Guyson Corp.’s seven-axis, direct-pressure blast machine features a 30 × 40 × 30-inch work envelope and a small overall footprint for lean, cell-based component processing. A six-axis robot arm is mounted on a welded pedestal attached to the rear of the blasting cabinet that can manipulate the pressure-blast nozzle. A safety barrier with an interlocked access door surrounds the back of the machine to protect workers from the moving robot. Its 24-inch-diameter turntable is servomotor-driven and controlled as an auxiliary axis of robotic motion.
To isolate the robot from the potentially abrasive environment of the blast chamber, the rear wall opening in the blast enclosure is sealed by a custom-tailored skirt made from coated and laminated fabric, with a snug-fitting collar at the end of the arm. The side and front of the machine have side-hinged swing doors with safety interlocks for loading of parts, and to allow inspection and maintenance access.
In operation, the blast system is designed to maintain the correct blasting angle, stand-off distance and surface speed, even as it follows the contours of intricate-shaped components. This enables repeatable production of identical surface conditions from one area of the part to another, and from part to part.
When a variety of different components are to be processed in the machine, part-holding fixtures can be quickly interchanged, positively located and locked in position by using T-slots and guide pins in the rotary table. No other set-up or adjustment is normally required because specific component orientation is included in the coordinated motion program for each different part, and other blasting process parameters, such as blast duration and pressure, can be stored and automatically recalled at will.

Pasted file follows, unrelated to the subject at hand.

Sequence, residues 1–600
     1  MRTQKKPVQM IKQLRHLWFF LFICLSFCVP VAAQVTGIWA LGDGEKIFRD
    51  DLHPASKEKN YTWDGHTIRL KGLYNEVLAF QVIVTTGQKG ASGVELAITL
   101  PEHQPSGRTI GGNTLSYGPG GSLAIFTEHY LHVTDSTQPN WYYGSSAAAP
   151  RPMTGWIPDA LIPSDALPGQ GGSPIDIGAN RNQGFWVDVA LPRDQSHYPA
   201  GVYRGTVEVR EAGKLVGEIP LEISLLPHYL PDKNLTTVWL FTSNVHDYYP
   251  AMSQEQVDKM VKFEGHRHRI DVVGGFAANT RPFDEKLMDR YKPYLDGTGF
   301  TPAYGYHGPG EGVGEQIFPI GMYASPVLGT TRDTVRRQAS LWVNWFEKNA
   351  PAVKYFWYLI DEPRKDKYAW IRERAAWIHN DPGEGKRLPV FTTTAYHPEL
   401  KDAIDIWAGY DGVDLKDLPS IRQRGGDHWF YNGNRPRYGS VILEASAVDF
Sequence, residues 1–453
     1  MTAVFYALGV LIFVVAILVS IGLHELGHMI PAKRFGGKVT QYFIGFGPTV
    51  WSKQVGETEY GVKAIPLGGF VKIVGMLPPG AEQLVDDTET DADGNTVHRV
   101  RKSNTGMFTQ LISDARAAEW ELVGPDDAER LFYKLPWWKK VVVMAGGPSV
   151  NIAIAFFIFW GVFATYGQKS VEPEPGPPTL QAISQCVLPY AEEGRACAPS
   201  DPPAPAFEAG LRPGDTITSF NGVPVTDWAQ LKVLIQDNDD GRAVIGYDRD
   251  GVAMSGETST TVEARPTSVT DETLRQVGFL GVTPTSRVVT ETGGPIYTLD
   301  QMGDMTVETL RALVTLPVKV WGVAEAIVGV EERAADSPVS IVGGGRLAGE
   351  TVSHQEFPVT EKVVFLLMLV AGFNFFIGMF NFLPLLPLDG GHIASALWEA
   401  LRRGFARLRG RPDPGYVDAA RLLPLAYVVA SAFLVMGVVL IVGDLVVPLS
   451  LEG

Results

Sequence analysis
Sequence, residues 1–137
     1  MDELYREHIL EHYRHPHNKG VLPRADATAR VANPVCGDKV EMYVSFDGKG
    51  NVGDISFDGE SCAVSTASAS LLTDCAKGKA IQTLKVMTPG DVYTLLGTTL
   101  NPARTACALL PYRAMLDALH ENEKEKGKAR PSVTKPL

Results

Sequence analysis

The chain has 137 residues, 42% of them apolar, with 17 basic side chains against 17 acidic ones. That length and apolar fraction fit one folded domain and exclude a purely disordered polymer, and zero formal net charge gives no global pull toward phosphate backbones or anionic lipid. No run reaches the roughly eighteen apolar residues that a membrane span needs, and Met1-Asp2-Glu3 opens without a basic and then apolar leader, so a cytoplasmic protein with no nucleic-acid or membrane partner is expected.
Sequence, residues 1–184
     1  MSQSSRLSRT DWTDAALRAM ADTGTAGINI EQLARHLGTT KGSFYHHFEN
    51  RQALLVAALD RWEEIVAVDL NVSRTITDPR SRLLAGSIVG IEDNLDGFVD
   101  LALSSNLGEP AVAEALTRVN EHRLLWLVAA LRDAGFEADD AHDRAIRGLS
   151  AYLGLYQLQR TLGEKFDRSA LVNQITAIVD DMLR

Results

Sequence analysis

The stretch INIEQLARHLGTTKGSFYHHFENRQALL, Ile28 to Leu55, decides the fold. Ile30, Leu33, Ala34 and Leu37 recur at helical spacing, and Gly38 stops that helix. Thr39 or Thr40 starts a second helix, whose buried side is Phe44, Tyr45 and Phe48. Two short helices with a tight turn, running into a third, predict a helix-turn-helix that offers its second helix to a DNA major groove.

The size and elaboration of the media reclamation and delivery elements of the robotic blast system depend on the requirements of the impact treatment application. The smallest pressure-blast module is less than 4 ft in height and is hung on the blasting cabinet itself. Technical surface preparation may require a 15-ft reclaim stack-up that includes a cyclone separator, a vibratory screen classifier and a pressure pot with the capacity to hold extra blast media.
To maintain negative pressure in the blasting enclosure and balance the air flow for media reclamation, the blast system features a reverse-pulsing, cartridge-type dust collector with an extraction capacity of 1,000 cfm of air.
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